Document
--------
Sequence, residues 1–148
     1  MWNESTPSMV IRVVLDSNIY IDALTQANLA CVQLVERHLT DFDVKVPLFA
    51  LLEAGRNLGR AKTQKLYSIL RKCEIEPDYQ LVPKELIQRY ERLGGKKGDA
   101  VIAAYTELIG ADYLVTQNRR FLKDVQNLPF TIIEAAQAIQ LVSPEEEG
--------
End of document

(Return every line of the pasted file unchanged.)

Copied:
Sequence, residues 1–148
     1  MWNESTPSMV IRVVLDSNIY IDALTQANLA CVQLVERHLT DFDVKVPLFA
    51  LLEAGRNLGR AKTQKLYSIL RKCEIEPDYQ LVPKELIQRY ERLGGKKGDA
   101  VIAAYTELIG ADYLVTQNRR FLKDVQNLPF TIIEAAQAIQ LVSPEEEG